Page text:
Another highlight came at Priestfield, against Gillingham, on 6 April 1976. Trailing 3-1 early in the second half, the Bulls showed all the qualities that had made them league leaders in an astonishing fightback. Steve Davey and McNeil forced it back to 3-3, before Layton bagged the winner with eight minutes left on the clock. Hereford earned a standing ovation at the end of 90 minutes of memorable football.
The next season saw Layton facing up to the likes of George Best, Rodney Marsh, John Richards, Peter Osgood, Mick Channon, Tony Woodcock and Laurie Cunningham, in a tough campaign. Although the Bulls found their feet in the final couple of months of their one and only Second Division campaign, United were relegated back to the Third Division ending up just three points from safety.
John spent six seasons at Edgar Street and became a firm favourite with fans because of his commitment and never-say-die attitude. During his time with Hereford, John made a total of 238 first-team appearances and scored 19 goals, with many of these being near-post headers. After leaving Edgar Street, John played for Gloucester City again, Trowbridge Town, Newport County, Worcester City before returning full-circle, ending his playing career at Westfields.
John then went on to cut his management teeth with Gloucester City, and after spells at Edgar Street as youth team coach and assistant manager, John took over as caretaker manager in September 1994, following the dismissal of Greg Downs.
He took over the full reins in November 1994, but despite learning quickly and producing an improving sequence of results, he was to leave at the end of his first season in charge, with Graham Turner taking over as Director of Football. As a UEFA ‘A’ licence holder, John went on to coach the Pakistan national football team from 1999 to 2002, before a spell with Hurriyya in the Maldives in 2003, and Lower Hutt City in New Zealand in 2005.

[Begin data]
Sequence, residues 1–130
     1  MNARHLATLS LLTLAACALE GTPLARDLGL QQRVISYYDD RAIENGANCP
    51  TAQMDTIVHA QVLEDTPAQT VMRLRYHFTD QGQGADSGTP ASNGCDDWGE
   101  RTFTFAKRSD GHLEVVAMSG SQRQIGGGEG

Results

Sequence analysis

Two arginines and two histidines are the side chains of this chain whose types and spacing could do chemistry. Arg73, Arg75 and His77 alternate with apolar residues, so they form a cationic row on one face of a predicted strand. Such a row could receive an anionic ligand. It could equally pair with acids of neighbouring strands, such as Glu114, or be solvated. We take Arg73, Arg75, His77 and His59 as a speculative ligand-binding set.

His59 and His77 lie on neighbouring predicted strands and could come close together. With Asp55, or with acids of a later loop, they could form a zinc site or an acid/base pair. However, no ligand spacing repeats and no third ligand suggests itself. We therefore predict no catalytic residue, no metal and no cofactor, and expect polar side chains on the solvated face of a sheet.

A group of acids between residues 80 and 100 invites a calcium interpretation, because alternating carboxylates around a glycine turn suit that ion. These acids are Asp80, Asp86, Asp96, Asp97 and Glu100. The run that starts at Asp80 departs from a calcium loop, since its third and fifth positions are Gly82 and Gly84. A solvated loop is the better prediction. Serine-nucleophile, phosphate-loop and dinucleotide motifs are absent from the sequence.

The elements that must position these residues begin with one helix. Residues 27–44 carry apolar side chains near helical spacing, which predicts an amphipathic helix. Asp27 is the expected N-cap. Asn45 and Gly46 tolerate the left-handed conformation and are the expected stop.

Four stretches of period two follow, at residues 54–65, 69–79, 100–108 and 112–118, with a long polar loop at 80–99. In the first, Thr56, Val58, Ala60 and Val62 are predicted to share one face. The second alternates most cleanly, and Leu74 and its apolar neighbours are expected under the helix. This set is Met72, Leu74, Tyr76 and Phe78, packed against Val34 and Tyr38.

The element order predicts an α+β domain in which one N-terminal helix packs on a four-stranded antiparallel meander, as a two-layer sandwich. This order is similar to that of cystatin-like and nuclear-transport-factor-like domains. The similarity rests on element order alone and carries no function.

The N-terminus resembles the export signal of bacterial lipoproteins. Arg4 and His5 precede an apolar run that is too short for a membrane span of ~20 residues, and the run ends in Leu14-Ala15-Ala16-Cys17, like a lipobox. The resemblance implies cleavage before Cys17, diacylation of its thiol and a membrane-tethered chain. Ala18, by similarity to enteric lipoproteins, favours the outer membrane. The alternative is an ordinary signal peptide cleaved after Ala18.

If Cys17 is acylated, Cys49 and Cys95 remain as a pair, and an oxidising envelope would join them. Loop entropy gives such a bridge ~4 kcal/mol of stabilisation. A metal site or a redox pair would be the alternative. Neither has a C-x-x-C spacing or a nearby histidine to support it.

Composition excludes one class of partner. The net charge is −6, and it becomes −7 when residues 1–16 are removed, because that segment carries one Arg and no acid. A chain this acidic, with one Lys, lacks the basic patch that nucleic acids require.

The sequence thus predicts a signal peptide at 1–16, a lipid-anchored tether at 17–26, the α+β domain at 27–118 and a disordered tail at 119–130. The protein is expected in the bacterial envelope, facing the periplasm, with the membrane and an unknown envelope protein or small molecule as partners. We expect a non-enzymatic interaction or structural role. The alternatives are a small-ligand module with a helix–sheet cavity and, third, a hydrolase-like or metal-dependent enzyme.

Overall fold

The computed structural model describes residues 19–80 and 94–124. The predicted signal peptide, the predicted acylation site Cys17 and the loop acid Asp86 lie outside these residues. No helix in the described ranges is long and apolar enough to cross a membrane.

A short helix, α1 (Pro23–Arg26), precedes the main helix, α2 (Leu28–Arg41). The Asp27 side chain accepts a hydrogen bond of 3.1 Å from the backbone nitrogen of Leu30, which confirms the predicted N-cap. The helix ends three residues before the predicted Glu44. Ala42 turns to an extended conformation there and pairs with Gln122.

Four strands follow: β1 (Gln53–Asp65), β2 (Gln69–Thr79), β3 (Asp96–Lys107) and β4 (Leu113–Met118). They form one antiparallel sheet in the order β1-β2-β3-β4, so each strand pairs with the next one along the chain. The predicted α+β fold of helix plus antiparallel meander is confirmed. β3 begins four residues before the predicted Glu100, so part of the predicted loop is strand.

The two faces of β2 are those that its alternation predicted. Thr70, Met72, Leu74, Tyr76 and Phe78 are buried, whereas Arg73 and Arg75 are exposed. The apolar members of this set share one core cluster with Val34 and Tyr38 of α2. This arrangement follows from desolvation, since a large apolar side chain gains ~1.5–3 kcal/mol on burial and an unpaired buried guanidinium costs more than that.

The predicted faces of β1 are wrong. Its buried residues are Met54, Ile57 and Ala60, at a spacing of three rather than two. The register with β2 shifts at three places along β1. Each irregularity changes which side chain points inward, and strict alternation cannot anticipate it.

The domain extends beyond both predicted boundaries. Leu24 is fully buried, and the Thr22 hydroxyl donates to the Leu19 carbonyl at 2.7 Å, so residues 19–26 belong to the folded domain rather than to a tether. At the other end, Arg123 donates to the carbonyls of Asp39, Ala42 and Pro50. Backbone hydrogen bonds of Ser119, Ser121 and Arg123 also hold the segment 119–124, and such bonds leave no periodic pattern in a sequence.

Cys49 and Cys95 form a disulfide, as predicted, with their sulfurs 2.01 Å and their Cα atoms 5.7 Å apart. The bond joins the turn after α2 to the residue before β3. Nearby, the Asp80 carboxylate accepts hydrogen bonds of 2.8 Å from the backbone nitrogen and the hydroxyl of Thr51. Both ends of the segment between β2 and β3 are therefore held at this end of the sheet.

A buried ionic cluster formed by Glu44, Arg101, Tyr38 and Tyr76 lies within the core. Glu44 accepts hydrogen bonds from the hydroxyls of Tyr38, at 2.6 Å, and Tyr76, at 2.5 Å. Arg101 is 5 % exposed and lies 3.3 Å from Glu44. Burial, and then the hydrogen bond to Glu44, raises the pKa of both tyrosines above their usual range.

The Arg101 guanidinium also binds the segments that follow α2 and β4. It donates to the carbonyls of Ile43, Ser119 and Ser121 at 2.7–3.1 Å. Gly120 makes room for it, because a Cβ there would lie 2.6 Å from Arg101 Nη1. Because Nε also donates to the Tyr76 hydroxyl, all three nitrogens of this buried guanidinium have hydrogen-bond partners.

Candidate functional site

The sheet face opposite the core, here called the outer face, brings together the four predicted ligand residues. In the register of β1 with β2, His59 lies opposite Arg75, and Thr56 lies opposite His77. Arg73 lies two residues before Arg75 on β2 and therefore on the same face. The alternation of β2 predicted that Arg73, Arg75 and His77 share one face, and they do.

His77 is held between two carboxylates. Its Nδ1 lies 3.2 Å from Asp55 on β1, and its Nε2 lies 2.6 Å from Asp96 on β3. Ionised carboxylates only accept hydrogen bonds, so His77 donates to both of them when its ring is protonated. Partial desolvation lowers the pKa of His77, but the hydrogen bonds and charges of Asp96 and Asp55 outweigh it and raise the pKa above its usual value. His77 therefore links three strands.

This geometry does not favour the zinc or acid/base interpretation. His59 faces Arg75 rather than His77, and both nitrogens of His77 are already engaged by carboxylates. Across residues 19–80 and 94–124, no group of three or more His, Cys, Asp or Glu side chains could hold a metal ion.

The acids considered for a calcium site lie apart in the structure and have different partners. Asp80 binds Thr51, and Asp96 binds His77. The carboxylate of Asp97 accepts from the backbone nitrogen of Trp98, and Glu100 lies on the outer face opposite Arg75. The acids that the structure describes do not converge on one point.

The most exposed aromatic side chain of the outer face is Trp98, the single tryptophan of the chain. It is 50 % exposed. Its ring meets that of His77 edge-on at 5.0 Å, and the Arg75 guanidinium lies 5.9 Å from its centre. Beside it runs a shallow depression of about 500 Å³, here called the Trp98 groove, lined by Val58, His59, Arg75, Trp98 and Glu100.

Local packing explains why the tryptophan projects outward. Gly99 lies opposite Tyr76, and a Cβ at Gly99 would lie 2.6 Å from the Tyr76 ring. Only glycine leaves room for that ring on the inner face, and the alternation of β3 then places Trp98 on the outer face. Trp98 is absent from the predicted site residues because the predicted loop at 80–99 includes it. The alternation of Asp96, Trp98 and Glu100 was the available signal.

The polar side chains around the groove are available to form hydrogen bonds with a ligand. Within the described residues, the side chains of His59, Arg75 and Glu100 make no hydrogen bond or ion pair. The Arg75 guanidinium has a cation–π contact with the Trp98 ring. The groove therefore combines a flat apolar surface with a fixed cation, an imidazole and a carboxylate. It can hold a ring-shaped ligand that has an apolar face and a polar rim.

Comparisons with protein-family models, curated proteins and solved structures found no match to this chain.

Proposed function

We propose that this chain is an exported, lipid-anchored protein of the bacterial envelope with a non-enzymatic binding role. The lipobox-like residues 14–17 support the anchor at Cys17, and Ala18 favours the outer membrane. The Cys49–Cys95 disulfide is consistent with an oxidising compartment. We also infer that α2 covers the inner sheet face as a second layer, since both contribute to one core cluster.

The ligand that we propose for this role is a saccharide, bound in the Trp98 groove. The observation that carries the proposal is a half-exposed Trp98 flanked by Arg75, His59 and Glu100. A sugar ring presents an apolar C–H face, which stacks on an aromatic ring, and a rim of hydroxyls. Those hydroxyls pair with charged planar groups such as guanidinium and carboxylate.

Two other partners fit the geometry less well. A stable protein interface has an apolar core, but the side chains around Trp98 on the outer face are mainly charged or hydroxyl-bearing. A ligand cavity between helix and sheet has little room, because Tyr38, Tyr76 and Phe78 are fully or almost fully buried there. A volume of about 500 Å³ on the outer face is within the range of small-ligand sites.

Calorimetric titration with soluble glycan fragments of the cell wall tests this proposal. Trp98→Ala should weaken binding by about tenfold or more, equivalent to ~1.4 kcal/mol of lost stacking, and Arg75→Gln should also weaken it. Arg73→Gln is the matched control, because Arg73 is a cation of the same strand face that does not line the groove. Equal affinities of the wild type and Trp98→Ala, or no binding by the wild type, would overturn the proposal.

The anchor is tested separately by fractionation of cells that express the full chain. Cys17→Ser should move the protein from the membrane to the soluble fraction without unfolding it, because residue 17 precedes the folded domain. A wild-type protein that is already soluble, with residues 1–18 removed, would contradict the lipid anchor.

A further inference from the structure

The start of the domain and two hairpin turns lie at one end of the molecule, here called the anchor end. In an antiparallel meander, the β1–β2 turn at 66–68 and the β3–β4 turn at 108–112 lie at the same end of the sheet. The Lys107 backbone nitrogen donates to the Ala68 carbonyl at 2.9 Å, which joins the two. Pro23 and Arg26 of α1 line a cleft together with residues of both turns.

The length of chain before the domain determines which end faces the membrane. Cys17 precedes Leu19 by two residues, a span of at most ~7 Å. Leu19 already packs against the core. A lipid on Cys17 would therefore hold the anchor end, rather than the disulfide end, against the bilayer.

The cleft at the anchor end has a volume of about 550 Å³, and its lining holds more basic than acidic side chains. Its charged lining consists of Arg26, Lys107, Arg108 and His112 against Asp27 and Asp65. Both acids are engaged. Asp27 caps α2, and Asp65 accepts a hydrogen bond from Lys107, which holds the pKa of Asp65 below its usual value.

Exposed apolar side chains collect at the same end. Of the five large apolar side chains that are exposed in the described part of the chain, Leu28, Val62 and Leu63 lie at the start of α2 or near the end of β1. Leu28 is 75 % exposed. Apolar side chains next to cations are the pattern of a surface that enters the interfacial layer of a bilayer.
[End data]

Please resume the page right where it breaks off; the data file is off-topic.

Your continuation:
John also had a spell in charge of Westfields in 2008, alongside Jon Hill, but could not lift the city-based side out of the Midland Football Alliance as it was then known, before eventually returning to Edgar Street to take over as youth development manager in 2011.
We spoke to Ron Parrott recently, who said, “I’ve always admired John as a man and as a player. I knew the family well and back in the seventies I used to play darts regularly with his dad at the Cotterell Arms.
“He was a no-nonsense central defender and in true Norman Hunter style, he was a hard man but scrupulously fair, and notoriously (perhaps I should say allegedly) had a row with John Sillett when asked to do a “hatchet job” on a not-to-be-named Third Division striker”.
“John (senior) was a real gentleman and one of the nicest men that you could ever wish to meet, and John (junior) clearly inherited these characteristics and he too, is a really nice guy, although these traits disappeared when he took to the field”.
John is due to attend a reunion on Tuesday, 18th June which will be held at Yates’ in Hereford, hosted by Matt Healey, alongside a host of former Hereford United stars – focussing on the period between 1988 and 1992.
By Keith Hall
Images: Ron Parrott Archive